FIGS." 2m 5 show the nozzle system fixedly arranged in a circle around the rotor 2 in the middle between the offwinding guide rollers a and the onwinding guide rollers 10b. The number of loops of the recording sheet 8 around the rotor 2 between entry and contact determines the size of the area available for the ink nozzles 7. For one complete loop, this area is equal to zero. In the case of a double loop, and if it is assumed that the sheets 8 lie close together, the area F available for the ink nozzles 7 is given by:

F=B Z B where B is the width of the recording support and d the diameter of the rotor 2. More generally, when the looping angle U is included,

Since, in the method of picture recording described here, the picture trace of an ink nozzle 7 appears as a spiral line on the stretched recording support due to the rotation and simultaneous translation of the recording sheet, it is important to know the extent of the interval, more particularly the vertical interval, between two picture traces because this interval determines the number of ink nozzles 7 which have to be used to fill the gap between these ink traces with further ink traces.

FIG. 9 illustrates parameters governing this which are explained in the following, and the flattened recording sheet of one loop in its correct position to the rotor axis with the ink traces produced on the basis of the V speed of the recording support relative to the rotor V resulting speed of the recording support when V and V have substantially the same direction. The angle at which this speed is reached is desig- VI rEs uIti ngspeed of the recording support when V and V are substantially oppositely directed. The corresponding angle is designated B If the conditions are calculated with the parameters defined abovggz cording to FIG. 9, then:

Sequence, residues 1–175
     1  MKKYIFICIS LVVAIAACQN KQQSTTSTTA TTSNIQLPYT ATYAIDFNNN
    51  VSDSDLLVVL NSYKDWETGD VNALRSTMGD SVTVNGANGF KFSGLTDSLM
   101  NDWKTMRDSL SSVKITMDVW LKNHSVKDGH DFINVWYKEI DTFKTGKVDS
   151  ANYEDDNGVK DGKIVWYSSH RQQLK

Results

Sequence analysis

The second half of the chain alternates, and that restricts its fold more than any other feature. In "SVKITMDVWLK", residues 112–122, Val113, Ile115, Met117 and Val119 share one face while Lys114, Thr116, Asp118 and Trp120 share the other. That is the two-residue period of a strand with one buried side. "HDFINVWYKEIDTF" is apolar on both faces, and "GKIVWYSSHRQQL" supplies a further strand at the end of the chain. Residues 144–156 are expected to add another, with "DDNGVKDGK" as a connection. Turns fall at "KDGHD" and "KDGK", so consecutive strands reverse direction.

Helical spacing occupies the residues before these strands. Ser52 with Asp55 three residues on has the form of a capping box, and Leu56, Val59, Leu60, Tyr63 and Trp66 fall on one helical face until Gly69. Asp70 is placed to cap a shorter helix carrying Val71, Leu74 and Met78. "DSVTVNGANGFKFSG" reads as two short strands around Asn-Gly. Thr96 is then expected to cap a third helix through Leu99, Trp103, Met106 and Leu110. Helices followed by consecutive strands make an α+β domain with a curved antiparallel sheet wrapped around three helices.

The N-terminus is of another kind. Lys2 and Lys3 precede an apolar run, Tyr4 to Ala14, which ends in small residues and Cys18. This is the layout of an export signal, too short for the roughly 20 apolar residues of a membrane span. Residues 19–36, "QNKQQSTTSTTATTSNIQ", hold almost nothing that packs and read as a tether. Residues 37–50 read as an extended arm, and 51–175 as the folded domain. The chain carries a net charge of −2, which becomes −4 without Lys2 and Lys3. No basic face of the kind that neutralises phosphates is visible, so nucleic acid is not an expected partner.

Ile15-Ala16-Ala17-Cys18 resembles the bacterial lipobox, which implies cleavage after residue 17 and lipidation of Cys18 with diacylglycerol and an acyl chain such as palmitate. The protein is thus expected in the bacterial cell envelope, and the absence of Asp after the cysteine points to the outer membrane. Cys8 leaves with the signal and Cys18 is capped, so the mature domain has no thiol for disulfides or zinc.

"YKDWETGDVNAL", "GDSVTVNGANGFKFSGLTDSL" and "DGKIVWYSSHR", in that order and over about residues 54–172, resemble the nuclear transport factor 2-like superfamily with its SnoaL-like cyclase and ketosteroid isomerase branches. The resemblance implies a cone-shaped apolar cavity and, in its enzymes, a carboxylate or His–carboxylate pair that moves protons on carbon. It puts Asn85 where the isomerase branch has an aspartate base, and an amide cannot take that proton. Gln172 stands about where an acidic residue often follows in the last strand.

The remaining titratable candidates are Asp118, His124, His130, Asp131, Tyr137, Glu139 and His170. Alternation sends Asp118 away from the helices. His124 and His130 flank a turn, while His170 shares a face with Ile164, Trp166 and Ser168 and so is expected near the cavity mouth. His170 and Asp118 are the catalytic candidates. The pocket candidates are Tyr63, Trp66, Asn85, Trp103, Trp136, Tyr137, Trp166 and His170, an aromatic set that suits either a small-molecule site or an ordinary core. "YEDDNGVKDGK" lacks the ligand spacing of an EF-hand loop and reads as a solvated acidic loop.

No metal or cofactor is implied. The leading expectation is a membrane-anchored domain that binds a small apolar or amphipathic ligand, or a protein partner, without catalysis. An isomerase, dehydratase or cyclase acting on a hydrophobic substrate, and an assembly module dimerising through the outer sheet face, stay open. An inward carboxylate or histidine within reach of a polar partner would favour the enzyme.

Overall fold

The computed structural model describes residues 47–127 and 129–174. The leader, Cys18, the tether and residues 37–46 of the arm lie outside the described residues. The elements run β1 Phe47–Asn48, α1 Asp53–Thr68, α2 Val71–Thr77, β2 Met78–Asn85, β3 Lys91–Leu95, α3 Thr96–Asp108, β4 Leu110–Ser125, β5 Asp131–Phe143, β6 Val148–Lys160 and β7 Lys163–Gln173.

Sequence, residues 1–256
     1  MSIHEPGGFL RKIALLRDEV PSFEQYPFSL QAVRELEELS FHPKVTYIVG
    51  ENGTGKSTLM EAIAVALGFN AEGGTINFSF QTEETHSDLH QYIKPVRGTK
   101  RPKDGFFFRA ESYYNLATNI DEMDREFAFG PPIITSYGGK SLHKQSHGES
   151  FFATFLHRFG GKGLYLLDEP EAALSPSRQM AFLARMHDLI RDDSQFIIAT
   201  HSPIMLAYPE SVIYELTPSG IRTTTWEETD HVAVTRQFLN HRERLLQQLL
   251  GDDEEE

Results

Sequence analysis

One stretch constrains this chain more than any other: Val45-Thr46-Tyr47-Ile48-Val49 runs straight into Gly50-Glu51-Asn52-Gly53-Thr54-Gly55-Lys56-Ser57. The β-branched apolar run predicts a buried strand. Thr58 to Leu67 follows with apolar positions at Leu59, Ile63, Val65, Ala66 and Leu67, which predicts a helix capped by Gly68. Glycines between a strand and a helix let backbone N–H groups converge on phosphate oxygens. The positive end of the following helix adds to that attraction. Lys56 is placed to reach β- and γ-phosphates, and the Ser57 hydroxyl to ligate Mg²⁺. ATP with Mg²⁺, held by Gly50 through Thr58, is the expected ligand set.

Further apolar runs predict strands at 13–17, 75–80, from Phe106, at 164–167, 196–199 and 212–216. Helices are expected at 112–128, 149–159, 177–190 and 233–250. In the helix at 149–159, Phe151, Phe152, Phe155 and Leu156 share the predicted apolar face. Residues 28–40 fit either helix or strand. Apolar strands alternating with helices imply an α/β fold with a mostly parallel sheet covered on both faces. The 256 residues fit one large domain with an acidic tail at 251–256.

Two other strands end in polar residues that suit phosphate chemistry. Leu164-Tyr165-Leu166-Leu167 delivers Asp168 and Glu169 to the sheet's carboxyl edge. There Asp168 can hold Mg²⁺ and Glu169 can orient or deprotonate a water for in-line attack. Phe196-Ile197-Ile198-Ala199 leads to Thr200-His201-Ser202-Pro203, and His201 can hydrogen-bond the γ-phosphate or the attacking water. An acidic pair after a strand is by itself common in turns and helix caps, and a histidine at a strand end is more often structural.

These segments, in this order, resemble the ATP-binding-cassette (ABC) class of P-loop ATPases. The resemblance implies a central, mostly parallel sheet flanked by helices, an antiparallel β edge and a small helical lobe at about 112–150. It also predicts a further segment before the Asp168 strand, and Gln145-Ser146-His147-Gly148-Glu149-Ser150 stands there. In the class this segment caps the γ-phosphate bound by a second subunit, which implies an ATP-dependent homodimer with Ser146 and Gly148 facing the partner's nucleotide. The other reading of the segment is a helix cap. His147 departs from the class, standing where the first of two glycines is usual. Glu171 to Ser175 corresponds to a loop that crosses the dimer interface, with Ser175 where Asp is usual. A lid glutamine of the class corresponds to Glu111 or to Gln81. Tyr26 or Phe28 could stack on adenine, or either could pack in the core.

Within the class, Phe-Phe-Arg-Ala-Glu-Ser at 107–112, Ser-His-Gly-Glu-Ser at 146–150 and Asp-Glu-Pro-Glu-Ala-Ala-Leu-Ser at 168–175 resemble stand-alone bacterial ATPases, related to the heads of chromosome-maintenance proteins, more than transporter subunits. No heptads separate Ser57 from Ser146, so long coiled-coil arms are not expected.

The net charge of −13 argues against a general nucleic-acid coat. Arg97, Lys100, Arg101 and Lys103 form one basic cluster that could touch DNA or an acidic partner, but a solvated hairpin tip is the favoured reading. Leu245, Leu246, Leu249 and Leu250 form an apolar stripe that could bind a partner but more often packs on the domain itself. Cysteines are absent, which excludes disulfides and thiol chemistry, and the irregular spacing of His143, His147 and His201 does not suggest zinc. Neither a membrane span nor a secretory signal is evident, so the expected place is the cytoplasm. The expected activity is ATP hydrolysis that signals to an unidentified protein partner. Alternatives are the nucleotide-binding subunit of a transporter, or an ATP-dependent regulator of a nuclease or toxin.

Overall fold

B 1/-= V a a vl dn V1 111 The conditions are illustrated by the following numerical example. Suppose that d cm B 10 cm V 500 cm/sec V 50 cm/sec.

The following intervals are then obtained for b and If it is desired to fill this gap with inknozzles in a den sity of 10 nozzles/mm, it is necessarythat z 91 and z l l l ink nozzles. If it is calculated that each ink nozzle with its associated control system occupies about 1 cm the looping angle U can be approximately determined as being U =1.l; U l.15.

In cases where it is desired to apply multicolour information, the number of ink nozzles is increased accordingly, as is the space requirement and looping angle.

It is possible with a predetermined number of nozzles, z, recording-support width B and rotor diameter d, to determine the ratio of the speeds V /V It is of the utmost importance to'maintain the ratio V /V in operation in order to ensure-the precise connection of two scan zones after one revolution of the rotor. For this reason, a regulating mechanism (not shown) is incorporated in the arrangement, being responsible not only forthe constancy of revolution but also for the constancy of V /V Since an asymmetrical distribution of mass about the rotor axis is present in the rotating system with all its fittings, the system has to be balanced by applying additional masses to it before operation in order to minimise the forces acting on the bearings. It is even of advantage, in the interests of highly desirable synchronism which promotes picture quality, to arrange additional flywheel masses in order to correct minor fluctuations in regulation.